Skip to main content
Close
Menu

Learning Math: Data Analysis, Statistics, and Probability

Bivariate Data and Analysis Homework

Is there an association between the length of your forearm (elbow to wrist) and the length of your feet?
The following are measurements, in millimeters, for forearm length and right-foot length for 20 people:

 

 

 

 

N = 20 measurements
Mean forearm length = 262.1
Mean foot length = 255.7

Scatter Plot

 

 

 

 

 

 

 

 

 


Problem H1
Describe the association between forearm length and foot length.


Problem H2
Use the mean forearm length and the mean foot length to determine the quadrants and number of points in each quadrant.


Problem H3
a. 
Use the quadrants from Problem H2 to create the contingency table for this data.
b. 
What percentage of people with above-average forearm lengths also have above-average foot lengths?
c.
What percentage of people with above-average forearm lengths also have below-average foot lengths?
d. 
What percentage of people with below-average forearm lengths also have below-average foot lengths?
e. 
What percentage of people with below-average forearm lengths also have above-average foot lengths?
f. 
What do these percentages say about the strength of the association between forearm length and foot length?


Problem H4
Consider the line Foot Length = Forearm Length (YL = X).
a. Complete the table below.
b. Determine the SSE for this data.

When you click “Show Answers,” the filled-in table will appear below the problem. Scroll down the page to see it.

 

 

 

 

 

 

 

 

 


Problem H5
Consider the line Foot Length = Forearm Length + 4 (YL = X + 4).
a. Complete the table below.
b. Determine the SSE for this data.

 

 

 

 

 

 

 

 

 


Problem H6
Compare the SSE in Problem H4 with the SSE in Problem H5. Which line provides a “better” fit? Explain.

Solutions

Problem H1
Overall, there is a positive association between forearm length and foot length. On the graph, the points generally go up and to the right.

Problem H2
To find the quadrants, we must use the mean forearm and foot lengths, which we know are 262.1 mm and 255.7 mm, respectively.

Recall that:

 Quadrant I has points that correspond to people with above-average forearm and foot lengths.
 Quadrant II has points that correspond to people with below-average forearm lengths and above-average foot lengths.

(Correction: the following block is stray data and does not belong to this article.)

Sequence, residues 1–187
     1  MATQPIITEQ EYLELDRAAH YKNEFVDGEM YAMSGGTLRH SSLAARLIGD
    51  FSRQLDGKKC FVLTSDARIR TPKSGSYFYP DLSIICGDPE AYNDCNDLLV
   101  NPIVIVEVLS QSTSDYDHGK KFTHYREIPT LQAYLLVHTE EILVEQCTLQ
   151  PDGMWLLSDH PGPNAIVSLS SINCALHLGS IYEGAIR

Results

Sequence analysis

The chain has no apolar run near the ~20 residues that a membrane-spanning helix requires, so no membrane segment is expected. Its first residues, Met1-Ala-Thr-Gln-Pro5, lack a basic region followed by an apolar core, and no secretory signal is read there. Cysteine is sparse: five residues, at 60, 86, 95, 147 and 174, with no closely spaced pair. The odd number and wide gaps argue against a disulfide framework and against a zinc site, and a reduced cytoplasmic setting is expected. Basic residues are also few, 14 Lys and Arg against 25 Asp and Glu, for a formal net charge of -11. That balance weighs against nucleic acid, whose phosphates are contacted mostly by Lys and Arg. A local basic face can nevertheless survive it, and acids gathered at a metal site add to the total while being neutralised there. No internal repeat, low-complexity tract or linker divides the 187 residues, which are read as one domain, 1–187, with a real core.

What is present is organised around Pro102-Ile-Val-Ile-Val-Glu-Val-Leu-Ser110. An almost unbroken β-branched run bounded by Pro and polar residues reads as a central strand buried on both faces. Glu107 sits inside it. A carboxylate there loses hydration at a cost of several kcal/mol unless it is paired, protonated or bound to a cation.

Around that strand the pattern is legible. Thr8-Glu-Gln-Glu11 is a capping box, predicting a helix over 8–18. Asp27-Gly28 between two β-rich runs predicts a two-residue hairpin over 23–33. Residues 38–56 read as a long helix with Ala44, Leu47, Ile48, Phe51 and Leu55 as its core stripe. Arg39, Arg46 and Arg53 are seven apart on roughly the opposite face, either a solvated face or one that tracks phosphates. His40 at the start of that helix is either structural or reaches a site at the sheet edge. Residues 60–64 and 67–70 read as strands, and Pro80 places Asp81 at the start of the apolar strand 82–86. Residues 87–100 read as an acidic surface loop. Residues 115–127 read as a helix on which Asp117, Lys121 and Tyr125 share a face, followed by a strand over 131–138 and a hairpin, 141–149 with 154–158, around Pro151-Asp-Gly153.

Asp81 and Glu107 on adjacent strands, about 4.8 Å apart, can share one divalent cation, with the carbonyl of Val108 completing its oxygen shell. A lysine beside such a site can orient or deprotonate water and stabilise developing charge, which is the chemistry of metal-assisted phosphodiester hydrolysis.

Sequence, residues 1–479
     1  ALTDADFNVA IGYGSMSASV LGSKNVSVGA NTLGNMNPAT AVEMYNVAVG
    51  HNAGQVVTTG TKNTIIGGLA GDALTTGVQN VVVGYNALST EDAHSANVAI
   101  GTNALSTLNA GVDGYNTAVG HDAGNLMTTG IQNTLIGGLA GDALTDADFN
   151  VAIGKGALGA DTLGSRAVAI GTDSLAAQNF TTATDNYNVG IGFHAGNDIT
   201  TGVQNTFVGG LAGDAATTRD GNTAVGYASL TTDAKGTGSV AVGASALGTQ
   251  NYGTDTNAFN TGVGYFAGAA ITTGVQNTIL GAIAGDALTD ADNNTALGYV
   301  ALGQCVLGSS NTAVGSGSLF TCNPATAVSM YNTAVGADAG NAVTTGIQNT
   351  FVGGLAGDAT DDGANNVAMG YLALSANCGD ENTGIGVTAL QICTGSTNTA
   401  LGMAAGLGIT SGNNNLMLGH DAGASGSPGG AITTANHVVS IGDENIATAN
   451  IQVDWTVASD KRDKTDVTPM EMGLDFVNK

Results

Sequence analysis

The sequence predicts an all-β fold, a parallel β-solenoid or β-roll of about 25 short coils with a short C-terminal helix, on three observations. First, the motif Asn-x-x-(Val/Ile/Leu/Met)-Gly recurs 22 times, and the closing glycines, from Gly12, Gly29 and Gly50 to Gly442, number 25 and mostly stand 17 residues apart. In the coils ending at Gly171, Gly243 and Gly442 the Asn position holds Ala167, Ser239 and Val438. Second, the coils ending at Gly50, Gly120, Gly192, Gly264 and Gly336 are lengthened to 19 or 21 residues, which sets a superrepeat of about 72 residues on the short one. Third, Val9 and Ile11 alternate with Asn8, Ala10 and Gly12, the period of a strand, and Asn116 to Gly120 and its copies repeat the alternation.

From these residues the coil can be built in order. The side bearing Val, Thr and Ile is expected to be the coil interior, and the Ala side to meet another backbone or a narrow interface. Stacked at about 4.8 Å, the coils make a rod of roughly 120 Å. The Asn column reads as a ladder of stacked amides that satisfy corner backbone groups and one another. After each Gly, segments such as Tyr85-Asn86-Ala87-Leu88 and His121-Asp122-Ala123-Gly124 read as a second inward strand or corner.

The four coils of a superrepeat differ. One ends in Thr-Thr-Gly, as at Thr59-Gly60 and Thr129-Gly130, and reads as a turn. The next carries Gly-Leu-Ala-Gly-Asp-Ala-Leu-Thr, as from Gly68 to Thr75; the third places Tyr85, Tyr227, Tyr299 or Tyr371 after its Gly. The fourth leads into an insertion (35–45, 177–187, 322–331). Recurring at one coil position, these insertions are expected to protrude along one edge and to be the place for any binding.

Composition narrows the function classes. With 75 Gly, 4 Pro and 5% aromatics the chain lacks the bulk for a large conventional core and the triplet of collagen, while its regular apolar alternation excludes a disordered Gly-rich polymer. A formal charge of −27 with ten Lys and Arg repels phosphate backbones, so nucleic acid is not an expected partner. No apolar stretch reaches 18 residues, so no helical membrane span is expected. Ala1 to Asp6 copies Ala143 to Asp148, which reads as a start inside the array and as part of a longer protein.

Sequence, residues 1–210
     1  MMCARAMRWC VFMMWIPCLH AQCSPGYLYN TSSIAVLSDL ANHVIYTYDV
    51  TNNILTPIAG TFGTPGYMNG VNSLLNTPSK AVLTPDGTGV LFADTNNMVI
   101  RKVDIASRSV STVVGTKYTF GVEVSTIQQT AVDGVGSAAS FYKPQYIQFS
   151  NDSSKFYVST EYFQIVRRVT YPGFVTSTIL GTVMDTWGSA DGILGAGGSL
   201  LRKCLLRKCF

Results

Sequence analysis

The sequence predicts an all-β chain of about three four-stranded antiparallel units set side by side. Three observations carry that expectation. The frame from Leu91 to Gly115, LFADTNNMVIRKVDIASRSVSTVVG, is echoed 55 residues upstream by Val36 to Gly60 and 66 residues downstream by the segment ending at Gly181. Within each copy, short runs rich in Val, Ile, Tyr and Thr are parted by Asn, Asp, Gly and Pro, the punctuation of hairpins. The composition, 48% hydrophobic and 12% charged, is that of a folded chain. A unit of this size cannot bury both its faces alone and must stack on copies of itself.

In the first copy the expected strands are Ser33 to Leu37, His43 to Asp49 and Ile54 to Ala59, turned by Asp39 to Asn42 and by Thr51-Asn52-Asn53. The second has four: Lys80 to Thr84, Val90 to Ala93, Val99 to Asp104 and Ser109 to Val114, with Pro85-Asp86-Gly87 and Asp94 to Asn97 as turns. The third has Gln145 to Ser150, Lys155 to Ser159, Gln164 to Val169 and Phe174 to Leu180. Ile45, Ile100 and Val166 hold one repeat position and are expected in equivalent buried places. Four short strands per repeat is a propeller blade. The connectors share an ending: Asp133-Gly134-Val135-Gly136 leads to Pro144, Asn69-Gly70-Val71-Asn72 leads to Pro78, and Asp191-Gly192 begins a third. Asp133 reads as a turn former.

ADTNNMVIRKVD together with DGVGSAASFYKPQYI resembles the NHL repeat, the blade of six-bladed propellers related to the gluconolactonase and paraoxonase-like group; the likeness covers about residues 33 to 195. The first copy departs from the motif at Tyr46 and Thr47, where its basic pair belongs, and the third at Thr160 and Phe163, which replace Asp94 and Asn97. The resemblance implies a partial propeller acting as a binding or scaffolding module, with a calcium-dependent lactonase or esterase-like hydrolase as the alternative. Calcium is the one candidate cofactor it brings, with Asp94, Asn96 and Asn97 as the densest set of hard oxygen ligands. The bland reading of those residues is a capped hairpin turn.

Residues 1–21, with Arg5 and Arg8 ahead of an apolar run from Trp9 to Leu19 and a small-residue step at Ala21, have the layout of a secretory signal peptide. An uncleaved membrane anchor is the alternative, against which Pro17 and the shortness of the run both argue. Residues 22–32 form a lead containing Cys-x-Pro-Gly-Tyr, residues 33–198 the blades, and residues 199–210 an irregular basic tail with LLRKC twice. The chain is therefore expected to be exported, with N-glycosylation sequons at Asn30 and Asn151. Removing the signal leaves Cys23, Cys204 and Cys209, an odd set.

Quadrant III has points that correspond to people with below-average forearm and foot lengths.
 Quadrant IV has points that correspond to people with above-average forearm lengths and below-average foot lengths.

Here is the scatter plot divided into quadrants:

 

 

 

 

 

 

 

 

 

This table shows which quadrant each point is in:

 

 

 

 

 

Problem H3


 

 

 

 

a. The contingency table is above.
b. Of the eight people with above-average forearm lengths, 87.5% (7 / 8) also have above-average foot lengths.
c. Of the eight people with above-average forearm lengths, only 12.5% (1/ 8) have below-average foot lengths.
d. Of the 12 people with below-average forearm lengths, 83.3% (10 / 12) also have below-average foot lengths.
e. Of the 11 people with below-average forearm lengths, only 16.7% (2 / 12) have above-average foot lengths.
f. These percentages say that there is a fairly strong (more than 80%) positive association between forearm length and foot length.

Problem H4:
a. Here is the completed table:

 

 

 

 

 

 

 

 

 

b. The SSE, (256 + 324 + … + 400 + 1), is 3,374.

Problem H5
a.
Here is the completed table:

 

 

 

 

 

 

 

 

b. The SSE, (400 + 196 +… + 576 + 25), is 4,558.

Problem H6
The first SSE is smaller, which means that the line Foot Length = Forearm Length is a better fit to the data than the line Foot Length = Forearm Length + 4. Here is an illustration of these two lines on top of the data set:

 

 

 

 

 

 

 

 

 

As you can see from the graph, the line Foot Length = Forearm Length is a closer representation of the data than the line Foot Length = Forearm Length + 4.

Series Directory

Learning Math: Data Analysis, Statistics, and Probability

Credits

Produced by WGBH Educational Foundation. 2001.
  • Closed Captioning
  • ISBN: 1-57680-481-X

Sessions